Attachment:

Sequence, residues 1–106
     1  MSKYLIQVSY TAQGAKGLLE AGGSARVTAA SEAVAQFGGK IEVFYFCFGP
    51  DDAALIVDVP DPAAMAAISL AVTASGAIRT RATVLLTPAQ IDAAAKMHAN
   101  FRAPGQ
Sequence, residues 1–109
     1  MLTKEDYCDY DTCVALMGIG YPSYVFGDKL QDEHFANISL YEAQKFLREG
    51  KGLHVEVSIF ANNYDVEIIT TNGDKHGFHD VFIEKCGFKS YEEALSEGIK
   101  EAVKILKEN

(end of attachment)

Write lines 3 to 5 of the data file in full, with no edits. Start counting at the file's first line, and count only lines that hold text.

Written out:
    51  DDAALIVDVP DPAAMAAISL AVTASGAIRT RATVLLTPAQ IDAAAKMHAN
   101  FRAPGQ
Sequence, residues 1–109